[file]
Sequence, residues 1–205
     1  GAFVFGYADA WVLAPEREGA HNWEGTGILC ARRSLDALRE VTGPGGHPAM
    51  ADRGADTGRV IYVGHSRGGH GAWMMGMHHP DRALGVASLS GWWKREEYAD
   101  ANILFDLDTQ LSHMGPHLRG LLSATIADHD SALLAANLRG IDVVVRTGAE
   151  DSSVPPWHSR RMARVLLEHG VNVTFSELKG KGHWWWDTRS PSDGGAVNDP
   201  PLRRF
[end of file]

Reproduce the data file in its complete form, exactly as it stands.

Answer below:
Sequence, residues 1–205
     1  GAFVFGYADA WVLAPEREGA HNWEGTGILC ARRSLDALRE VTGPGGHPAM
    51  ADRGADTGRV IYVGHSRGGH GAWMMGMHHP DRALGVASLS GWWKREEYAD
   101  ANILFDLDTQ LSHMGPHLRG LLSATIADHD SALLAANLRG IDVVVRTGAE
   151  DSSVPPWHSR RMARVLLEHG VNVTFSELKG KGHWWWDTRS PSDGGAVNDP
   201  PLRRF